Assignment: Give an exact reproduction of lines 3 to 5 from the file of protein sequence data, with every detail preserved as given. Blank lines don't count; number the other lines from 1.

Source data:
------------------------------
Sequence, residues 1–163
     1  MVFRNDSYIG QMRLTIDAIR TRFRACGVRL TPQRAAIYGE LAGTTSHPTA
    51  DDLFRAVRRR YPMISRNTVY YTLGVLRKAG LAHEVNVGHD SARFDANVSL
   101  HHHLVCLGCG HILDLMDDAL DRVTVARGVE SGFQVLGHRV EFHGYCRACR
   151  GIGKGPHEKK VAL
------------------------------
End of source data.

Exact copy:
    51  DDLFRAVRRR YPMISRNTVY YTLGVLRKAG LAHEVNVGHD SARFDANVSL
   101  HHHLVCLGCG HILDLMDDAL DRVTVARGVE SGFQVLGHRV EFHGYCRACR
   151  GIGKGPHEKK VAL